Whether Bill Callahan's results will look different than Jay Gruden's results remains to be seen, but it's already clear that Bill Callahan's practices will look different than Jay Gruden's practices.

Now, any time there's a drastic change like a head coaching switch on a football team, it's natural to over-analyze every little thing to try and make comparisons between the new and the old. Hm, are the players wearing their socks higher? Are they drinking more Gatorade? DO THE WHISTLES SOUND LOUDER?!

That said, there are parts of Callahan's operation that stood out on Wednesday, his first as interim leader. Here's a recap of all the key differences.

  • The stretching formations were adjusted a bit. The captains — guys like Brandon Scherff and Case Keenum — were facing the rest of the team and were positioned at the front of the lines. Callahan called it "a positive when your leadership is up there on a daily basis, and players can emulate [them]." 


  • There were referees in attendance, up-and-comers who do college games and who are trying to ascend to the pro level. Callahan explained how those refs can help the Redskins be better with everything, from formation alignment to hand placement to other aspects. The Burgundy and Gold have seen lots of yellow through five weeks thanks to major penalty issues, so perhaps the refs at practice can help them cut down on flags.


  • While Gruden's practices featured plenty of music, with it starting in stretching and carrying over into individual drills, Callahan's de-emphasized tunes. Jay-Z and other artists were still present during warm-ups, but once the team broke into their positional work, the music was cut off. 


  • Here's a small one, but an interesting one nonetheless. There were four stationary bikes along the sideline on Wednesday, which was a new spot for them. Reuben Foster was riding one at one point, and Dustin Hopkins used one a few minutes later as well. Callahan wasn't asked about this switch afterward, but it seemed to communicate to the players that even if they're injured or not suiting up that day, they're going to remain as close to the action as possible.


  • Those were the big tweaks obvious to reporters during the early period open to the media. At the end, meanwhile, the team could be seen doing sideline-to-sideline sprints. That happened in training camp under Gruden, but witnessing it in Ashburn was quite new. Callahan installed those to remind his roster about the importance of conditioning. He isn't a fan of how they've finished games and believes being in better shape will correct that problem.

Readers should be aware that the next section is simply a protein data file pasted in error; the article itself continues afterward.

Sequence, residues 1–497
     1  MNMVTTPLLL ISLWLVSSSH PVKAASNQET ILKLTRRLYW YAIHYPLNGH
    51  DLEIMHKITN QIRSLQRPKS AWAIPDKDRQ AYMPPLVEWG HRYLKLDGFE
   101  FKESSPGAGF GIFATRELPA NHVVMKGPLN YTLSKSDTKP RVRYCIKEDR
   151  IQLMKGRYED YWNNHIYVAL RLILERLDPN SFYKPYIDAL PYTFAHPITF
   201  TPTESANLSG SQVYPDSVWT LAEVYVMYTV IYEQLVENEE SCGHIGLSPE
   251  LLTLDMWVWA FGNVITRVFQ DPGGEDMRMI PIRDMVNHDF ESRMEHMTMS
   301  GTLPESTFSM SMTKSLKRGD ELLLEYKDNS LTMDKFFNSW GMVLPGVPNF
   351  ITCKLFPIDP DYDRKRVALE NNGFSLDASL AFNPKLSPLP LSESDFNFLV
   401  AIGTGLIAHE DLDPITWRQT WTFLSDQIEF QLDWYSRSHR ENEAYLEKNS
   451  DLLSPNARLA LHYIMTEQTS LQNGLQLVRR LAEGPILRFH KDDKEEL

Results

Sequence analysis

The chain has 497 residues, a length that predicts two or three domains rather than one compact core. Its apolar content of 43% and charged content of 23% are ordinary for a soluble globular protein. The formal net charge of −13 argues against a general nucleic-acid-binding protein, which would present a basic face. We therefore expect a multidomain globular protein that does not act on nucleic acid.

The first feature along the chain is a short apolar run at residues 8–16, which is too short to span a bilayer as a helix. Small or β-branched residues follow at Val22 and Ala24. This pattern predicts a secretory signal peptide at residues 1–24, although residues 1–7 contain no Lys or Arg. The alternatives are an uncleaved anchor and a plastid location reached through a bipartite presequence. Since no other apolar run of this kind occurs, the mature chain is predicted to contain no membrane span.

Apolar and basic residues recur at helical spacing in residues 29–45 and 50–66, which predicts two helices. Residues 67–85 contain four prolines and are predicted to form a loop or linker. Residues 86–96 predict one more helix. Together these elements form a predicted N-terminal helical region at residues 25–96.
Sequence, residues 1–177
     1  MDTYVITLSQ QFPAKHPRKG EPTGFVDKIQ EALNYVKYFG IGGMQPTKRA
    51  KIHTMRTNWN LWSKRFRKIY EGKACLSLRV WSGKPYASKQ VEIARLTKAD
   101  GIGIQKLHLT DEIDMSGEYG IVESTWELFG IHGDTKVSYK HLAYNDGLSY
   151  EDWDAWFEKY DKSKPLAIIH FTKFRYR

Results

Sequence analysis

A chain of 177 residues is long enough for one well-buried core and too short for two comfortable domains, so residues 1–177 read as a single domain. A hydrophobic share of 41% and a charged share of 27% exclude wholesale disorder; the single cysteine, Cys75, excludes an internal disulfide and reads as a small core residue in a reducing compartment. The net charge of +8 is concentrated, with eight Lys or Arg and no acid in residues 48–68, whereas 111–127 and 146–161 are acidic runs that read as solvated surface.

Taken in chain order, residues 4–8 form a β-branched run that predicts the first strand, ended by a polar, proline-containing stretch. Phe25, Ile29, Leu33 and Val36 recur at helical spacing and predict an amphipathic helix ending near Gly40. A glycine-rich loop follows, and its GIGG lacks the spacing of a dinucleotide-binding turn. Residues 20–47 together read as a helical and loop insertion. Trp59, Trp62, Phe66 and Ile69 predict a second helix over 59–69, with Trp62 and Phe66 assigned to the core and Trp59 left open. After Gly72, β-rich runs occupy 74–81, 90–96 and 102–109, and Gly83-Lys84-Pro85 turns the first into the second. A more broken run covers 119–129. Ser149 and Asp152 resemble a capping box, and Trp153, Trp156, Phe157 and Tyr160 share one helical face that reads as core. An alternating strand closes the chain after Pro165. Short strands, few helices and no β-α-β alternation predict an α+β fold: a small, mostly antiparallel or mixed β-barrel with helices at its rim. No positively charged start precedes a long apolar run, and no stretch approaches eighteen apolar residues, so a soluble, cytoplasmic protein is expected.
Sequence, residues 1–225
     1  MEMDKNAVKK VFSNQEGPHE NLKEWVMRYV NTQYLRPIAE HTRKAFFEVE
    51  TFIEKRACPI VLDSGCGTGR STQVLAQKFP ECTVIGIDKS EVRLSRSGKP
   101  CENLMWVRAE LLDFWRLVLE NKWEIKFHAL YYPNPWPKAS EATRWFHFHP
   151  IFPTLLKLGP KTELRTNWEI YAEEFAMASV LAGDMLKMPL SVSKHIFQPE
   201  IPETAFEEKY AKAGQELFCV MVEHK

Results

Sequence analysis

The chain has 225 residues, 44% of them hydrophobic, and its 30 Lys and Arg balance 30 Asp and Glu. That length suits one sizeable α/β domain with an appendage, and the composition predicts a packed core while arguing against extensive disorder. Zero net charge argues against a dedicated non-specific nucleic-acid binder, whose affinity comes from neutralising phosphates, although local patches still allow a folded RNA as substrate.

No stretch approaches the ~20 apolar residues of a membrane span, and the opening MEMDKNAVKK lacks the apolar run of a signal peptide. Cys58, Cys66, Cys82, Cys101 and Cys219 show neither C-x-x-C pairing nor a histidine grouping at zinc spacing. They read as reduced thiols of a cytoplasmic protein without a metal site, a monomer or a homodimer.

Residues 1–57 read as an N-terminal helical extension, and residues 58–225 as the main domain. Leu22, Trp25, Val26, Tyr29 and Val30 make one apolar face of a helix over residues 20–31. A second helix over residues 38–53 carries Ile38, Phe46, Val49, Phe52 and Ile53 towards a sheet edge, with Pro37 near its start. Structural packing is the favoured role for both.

• When he was in charge of the offensive line, Callahan kept his centers, guards and tackles on the field far later than any other position. Well, on Wednesday, every position stayed a little extra after sprints for what was labeled a "developmental period." It allowed each coach to tutor his guys on a specific skill or area and was especially designed for the younger players who weren't as involved in 11-on-11 snaps to still get work in. 

Now, a few things need to be said after that recap.

Many of the changes seem quite logical and like they'll benefit the team; why not bring in refs if you're one of the more penalized squads in the NFL, for example?


However, it's easy to point at what Gruden did and what Callahan is doing and conclude that Gruden's practices were trash and Callahan's are top-notch. Just because a lot of this is new doesn't mean it's all going to have an enormous impact.

That isn't to dismiss Callahan's tenure, it's just to remind people not to get super, wildly, overly excited.

In fact, know what very well may be the most crucial difference this week? The Redskins are playing the Dolphins instead of the Patriots. If Washington wins in Week 6, the quality of opponent is likely to be a larger factor than the decline in music in Ashburn. 

Of course, change can be useful, especially for an 0-5 bunch. But let's give it a month or so to allow these changes to really set in before making a proclamation on them one way or the other.